The cash collection cycle usually slows down at Christmas. Photo: Fiona Morris
CHRISTMAS is a boon for retailers, but it's also the time when small businesses are most likely to become insolvent.
Businesses in sectors such as services or manufacturing suffer a decrease in production and sales, with many shutting down altogether for a couple of weeks. At the same time, they're still paying wages to staff who are on holiday, as well as other fixed costs, such as rent and loan repayments.
''Generally there's a slowdown in the cash collection cycle,'' says Quentin Olde, partner in charge at accounting practice Taylor Woodings.
''So there's a general slowing down of the flow of funds through small businesses and at the same time their costs keep coming in.''
The result can be that come February, many businesses don't have the cash to meet their obligations, so may become insolvent and potentially collapse.
Despite the difficulties, there are several things small businesses can do to improve their cash flow.
Make a plan
The first thing to do is a cash flow forecast to see if the business is likely to struggle around Christmas time, says Olde. ''Have a detailed cash flow forecast plan to get you through that period, and where there are going to be shortfalls in that cash flow, look at ways to deal with them.''
Talk to the bank
It's worth approaching the bank about getting a short-term overdraft extension, but the earlier a business does this the more receptive the bank is likely to be. While banks have tightened their lending criteria in recent years, Olde says they could be receptive to such a request. ''They're comfortable with it so long as they can see the business has thought through and planned for it and that it is just a temporary issue and it's not the beginning of a longer-term or systemic problem in the business,'' he says.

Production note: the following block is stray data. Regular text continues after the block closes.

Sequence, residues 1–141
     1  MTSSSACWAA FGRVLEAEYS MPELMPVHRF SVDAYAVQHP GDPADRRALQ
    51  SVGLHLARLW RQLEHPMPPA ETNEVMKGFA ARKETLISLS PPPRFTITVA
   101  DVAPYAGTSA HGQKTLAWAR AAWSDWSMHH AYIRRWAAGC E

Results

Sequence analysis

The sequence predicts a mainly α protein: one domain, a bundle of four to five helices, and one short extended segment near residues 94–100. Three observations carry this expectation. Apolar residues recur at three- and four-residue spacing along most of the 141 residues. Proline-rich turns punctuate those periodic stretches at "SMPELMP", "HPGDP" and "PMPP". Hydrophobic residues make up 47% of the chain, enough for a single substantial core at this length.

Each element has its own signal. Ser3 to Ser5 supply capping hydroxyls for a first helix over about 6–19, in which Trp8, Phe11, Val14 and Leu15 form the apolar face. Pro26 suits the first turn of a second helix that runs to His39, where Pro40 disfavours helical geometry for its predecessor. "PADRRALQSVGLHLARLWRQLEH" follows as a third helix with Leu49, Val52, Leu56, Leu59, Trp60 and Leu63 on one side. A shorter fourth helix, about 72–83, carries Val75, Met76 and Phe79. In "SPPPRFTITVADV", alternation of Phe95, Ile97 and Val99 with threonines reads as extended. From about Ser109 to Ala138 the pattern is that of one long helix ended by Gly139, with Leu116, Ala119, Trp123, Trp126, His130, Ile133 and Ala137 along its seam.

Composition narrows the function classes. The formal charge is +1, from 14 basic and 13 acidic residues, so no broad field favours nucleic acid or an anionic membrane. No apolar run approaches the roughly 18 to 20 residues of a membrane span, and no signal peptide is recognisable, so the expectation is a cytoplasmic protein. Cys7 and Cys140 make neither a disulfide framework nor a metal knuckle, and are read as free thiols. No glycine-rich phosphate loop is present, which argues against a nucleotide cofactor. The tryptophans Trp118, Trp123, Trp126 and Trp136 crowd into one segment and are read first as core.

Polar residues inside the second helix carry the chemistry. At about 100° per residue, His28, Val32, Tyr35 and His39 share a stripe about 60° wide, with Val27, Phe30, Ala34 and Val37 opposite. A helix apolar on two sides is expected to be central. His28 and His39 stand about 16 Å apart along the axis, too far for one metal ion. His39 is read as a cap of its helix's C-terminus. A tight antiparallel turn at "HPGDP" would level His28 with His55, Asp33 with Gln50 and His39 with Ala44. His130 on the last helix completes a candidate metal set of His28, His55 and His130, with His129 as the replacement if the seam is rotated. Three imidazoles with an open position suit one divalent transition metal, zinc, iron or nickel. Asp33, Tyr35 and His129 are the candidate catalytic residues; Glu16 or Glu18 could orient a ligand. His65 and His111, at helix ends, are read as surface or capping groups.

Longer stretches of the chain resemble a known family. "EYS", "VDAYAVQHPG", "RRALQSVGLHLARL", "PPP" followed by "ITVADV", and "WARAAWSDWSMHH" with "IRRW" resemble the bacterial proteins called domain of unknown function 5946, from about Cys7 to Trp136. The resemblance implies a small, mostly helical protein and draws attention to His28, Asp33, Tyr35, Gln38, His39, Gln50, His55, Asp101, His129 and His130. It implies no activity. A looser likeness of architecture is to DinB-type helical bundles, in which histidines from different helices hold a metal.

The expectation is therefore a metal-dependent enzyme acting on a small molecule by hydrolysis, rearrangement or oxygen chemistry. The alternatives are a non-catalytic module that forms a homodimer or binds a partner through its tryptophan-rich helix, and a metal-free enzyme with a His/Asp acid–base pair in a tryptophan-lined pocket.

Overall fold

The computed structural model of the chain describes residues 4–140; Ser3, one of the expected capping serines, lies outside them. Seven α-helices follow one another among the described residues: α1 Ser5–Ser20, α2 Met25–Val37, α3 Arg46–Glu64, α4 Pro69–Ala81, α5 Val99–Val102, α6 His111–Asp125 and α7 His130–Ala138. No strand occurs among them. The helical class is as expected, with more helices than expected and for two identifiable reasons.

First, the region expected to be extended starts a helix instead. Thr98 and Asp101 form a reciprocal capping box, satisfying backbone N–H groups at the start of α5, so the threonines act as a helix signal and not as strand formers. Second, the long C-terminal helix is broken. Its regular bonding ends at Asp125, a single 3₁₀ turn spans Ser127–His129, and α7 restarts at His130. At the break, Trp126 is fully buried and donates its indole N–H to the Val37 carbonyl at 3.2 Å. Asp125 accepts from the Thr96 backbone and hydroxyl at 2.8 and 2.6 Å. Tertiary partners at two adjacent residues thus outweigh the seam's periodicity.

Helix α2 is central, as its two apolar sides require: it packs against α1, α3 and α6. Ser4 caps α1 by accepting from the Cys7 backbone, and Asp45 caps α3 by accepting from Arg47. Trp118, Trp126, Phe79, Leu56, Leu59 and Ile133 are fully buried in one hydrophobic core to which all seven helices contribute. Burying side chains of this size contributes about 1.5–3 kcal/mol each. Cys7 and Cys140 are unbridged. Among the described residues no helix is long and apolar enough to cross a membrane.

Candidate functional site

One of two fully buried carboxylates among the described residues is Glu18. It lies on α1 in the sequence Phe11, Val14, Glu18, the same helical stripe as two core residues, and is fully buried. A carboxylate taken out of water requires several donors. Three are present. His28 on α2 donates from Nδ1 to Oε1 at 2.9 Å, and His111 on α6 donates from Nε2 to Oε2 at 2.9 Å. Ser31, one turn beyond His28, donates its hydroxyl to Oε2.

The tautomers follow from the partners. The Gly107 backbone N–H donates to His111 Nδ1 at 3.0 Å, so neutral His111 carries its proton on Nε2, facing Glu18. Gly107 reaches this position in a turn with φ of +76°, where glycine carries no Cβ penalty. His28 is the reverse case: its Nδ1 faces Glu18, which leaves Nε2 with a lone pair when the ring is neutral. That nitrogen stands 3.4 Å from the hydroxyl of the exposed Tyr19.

Get invoices out
Roger Mendelson, chief executive of Prushka Fast Debt Recovery, says the difficult post-Christmas period is often made worse for consumer-focused businesses because many people load up their credit cards at Christmas, only to be hit with back-to-school expenses in late January.
So businesses need to ensure they get their cash coming in as quickly as they can. The first thing to do is to get their accounts in order and send out invoices in good time before Christmas, says Mr Mendelson. Otherwise they're likely to be ignored until well into the new year.
Also, try doing interim billing, if possible. For instance, a plumber who's done some work on a house could bill for the work he's done up until Christmas.
Follow up invoices
Likewise, businesses should follow up invoices that have already been sent out and not paid. ''You need to get really focused on getting on the phone and getting the cash in,'' says Mr Mendelson. Try offering a discount to customers who can pay straight away. ''Being on the phone is certainly something a lot of SMEs are not too comfortable with, but it is certainly the best way to get the cash in quickly.''
Talk to suppliers
If a business is expecting a cash flow crunch, its owners can try to negotiate with suppliers to hold off paying them until mid or even late February, to buy a bit of breathing space. ''You'll often find that if you place the order the supplier is very keen to get the order and he'll be happy with that,'' says Mr Mendelson. ''But if you don't incorporate that provision, you'll be getting pressure from a source you'd prefer not to …''
Use a debt collector
It's worth engaging a debt collector once a bill is more than 60 days outstanding. ''Most of our clients make a real mistake of sending in debts far too late, and there's a clear correlation between age of the debt and its collectability,'' says Mr Mendelson. ''If a debt is six months old when it comes to us, that customer has really got it out of mind …''
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